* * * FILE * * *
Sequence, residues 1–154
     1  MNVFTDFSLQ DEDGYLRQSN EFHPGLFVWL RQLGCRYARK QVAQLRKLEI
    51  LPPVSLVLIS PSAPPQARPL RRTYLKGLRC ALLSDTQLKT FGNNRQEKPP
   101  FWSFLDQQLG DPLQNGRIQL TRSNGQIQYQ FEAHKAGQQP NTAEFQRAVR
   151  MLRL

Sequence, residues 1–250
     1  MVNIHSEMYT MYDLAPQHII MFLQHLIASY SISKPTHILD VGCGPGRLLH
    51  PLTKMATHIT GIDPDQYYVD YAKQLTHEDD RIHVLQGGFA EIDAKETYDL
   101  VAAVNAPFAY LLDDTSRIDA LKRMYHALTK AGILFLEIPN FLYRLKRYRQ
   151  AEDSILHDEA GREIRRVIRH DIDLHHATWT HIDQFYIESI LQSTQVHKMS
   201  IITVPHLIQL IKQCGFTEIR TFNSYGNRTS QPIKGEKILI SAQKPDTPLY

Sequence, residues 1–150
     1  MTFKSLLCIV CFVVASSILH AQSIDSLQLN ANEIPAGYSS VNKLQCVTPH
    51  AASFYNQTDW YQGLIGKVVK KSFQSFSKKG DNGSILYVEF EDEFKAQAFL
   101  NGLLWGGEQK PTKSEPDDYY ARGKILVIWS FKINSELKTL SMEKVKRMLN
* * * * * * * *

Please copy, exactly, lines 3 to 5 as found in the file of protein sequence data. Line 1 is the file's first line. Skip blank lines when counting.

    51  LPPVSLVLIS PSAPPQARPL RRTYLKGLRC ALLSDTQLKT FGNNRQEKPP
   101  FWSFLDQQLG DPLQNGRIQL TRSNGQIQYQ FEAHKAGQQP NTAEFQRAVR
   151  MLRL